HTML Snippets adds in rich language support for HTML markup, including snippets, quick info, and descriptions that include whether a tag is deprecated.
4. Trailing Spaces
What’s in a name? Well, the Trailing Spaces extension does pretty much exactly what the title describes—it enables you to highlight trailing spaces and remove them quickly. This extension is a port of the popular Sublime Text plugin Trailing Spaces, and offers quick deletion of trailing spaces, trim on save, and more.
You might also like: The Shopify GraphQL Learning Kit.
5. Blank Line at the End of File
Blank Line at the End of File is a minimal and super simple extension that adds an extra blank line at the end of any saved file.
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Linters and syntax highlighting
It’s important to establish consistency as you’re programming, which means it’s crucial to use the proper tools that will analyze your source code and flag any programming or stylistic errors, bugs, and more. Linters provide that consistency, and help set best practices for your team. Syntax highlighting is also key when it comes to ease of use in a text editor. VS Code supports a lot of languages out-of-the-box, so there aren’t many extensions required to enhance that experience.
You might also like: 4 Easy Ways to Deploy Your Website or App.
The Liquid extension is a must have for those developing Shopify themes using VS Code. Though there’s support for sidebar icons to distinguish Liquid files out-of-the-box, VS Code doesn’t have syntax highlighting for Liquid without the help of this extension. This extension adds syntax highlighting for Liquid, and acts as a support for the Shopify Liquid Snippets extension. It also supports section code blocks, and snippet auto-completion for Liquid tags and filters.
stylelint is an extension that lints CSS, SCSS, and Less. You can control whether stylelint is enabled for different languages or not, depending on how you wish to configure it’s settings.
This extension integrates ESLint into VS Code, and it requires you to have already installed ESLint on your computer either locally or globally. You can do this with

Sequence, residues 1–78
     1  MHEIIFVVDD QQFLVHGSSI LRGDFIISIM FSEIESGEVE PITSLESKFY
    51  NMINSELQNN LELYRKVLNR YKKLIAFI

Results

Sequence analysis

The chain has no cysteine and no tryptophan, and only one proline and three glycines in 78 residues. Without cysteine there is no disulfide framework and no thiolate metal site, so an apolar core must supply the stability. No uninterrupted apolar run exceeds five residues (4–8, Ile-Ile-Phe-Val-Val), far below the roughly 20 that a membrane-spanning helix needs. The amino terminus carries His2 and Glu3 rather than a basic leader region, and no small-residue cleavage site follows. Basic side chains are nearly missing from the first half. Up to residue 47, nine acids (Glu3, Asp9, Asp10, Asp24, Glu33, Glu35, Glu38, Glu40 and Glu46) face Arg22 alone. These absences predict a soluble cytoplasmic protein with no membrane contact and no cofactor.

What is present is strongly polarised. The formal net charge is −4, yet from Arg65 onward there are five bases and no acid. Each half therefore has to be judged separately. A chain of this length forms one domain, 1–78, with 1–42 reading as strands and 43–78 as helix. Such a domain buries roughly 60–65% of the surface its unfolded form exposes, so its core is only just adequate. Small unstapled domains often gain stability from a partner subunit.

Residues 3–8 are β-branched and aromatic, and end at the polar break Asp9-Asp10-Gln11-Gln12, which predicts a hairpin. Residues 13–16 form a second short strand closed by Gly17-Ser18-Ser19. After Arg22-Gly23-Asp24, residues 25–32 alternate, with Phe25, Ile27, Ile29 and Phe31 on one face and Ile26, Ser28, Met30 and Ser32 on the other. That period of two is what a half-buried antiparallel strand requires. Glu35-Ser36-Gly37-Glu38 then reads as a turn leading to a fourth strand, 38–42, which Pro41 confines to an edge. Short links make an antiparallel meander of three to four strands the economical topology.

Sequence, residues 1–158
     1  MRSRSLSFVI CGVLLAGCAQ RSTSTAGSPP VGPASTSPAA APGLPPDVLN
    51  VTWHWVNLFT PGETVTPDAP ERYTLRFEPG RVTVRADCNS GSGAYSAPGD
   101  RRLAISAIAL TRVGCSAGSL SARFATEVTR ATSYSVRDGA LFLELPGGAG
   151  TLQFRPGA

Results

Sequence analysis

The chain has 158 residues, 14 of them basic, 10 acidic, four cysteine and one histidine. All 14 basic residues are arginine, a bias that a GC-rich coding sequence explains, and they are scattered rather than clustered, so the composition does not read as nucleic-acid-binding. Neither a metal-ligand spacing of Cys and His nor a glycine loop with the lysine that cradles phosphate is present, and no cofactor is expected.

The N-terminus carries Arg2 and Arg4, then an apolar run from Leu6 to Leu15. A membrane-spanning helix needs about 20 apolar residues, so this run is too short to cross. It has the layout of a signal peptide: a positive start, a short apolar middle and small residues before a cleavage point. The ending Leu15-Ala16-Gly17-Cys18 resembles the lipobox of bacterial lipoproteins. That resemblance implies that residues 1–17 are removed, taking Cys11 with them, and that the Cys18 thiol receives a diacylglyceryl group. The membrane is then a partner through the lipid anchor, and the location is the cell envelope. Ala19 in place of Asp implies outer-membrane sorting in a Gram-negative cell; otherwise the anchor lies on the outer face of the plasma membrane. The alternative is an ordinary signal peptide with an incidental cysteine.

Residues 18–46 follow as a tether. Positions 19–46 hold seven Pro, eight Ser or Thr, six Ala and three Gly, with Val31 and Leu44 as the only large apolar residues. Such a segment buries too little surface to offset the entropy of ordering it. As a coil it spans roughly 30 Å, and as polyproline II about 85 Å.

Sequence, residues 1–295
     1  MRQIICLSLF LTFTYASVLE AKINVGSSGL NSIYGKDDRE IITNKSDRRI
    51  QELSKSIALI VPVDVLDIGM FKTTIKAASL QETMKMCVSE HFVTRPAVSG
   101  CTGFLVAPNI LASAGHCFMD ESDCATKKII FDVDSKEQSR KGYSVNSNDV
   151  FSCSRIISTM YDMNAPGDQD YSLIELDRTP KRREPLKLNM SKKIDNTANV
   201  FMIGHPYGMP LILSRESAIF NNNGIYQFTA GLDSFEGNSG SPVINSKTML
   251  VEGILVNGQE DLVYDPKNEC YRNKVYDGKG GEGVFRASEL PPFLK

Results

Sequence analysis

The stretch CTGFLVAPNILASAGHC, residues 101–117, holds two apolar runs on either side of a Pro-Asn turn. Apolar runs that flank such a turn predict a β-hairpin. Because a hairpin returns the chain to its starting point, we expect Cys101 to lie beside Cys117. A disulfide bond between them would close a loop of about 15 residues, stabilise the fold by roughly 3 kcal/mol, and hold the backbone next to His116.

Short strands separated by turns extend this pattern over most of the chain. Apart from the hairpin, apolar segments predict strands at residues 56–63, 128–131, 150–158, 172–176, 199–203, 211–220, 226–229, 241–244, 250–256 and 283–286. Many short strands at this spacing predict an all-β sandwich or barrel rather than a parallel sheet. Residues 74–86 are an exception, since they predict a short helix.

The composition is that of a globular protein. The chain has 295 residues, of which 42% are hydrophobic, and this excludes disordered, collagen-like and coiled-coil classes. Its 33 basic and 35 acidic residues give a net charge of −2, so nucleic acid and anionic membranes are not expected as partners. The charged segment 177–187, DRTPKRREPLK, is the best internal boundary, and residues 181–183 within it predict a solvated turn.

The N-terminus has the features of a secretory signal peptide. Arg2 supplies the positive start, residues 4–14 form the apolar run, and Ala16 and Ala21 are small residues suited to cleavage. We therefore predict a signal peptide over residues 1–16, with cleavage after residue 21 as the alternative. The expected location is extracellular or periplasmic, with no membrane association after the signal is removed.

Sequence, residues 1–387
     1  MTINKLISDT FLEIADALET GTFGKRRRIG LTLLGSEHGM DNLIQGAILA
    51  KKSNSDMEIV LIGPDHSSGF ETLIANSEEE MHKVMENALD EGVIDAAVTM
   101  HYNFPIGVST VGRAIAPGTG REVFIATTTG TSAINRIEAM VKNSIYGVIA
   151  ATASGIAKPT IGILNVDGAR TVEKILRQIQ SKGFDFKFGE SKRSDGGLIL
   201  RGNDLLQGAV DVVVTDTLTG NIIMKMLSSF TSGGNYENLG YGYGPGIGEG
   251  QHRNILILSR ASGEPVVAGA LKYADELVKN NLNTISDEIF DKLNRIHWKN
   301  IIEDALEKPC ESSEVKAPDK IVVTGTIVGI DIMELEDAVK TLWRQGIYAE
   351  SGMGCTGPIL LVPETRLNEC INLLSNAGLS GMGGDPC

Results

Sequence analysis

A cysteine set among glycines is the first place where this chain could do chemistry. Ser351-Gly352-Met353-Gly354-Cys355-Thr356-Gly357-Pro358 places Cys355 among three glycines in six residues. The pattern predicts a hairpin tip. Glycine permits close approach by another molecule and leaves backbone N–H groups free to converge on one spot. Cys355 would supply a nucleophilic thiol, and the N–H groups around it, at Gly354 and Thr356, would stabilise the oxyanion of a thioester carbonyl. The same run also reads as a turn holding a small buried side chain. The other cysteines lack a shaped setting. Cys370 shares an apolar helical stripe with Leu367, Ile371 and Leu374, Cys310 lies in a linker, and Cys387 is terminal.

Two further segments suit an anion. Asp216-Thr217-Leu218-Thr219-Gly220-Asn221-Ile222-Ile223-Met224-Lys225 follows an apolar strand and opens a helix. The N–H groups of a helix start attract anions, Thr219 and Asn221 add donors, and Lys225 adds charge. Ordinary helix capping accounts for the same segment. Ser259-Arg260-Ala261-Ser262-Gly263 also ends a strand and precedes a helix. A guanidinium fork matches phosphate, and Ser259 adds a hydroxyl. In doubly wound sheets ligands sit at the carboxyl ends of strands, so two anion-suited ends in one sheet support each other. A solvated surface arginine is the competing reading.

npm, by running
npm install -g eslint. There are more detailed configuration and installation settings and instructions on the Visual Studio Code extension marketplace page.
This new version of TSLint is similar to the previous extension, in that it requires that you already have TSLint installed locally in a project, or globally on your computer. This extension integrates the TSLint linter for the TypeScript language into VS Code.
You might also like: Intro to CSS: A Beginner’s Guide to Cascading Style Sheets.
Terminal integration comes automatically with VS Code, making it easier to commit changes without having to leave the editor. Simply use the
^ + keyboard shortcut to open the integrated Terminal from within VS Code. We all need to keep track of the changes we make in our code, and what better way to do that than with Git. Here’s one useful Visual Studio Code extension that helps integrate Git even more into your code-writing process.
The GitLens extension is truly amazing; it enables you to visualize code authorship within VS Code. You can browse and explore the history of a file, view a git blame annotation for each file line, and even add a changes (diff) hover annotation, all of which are fully customizable.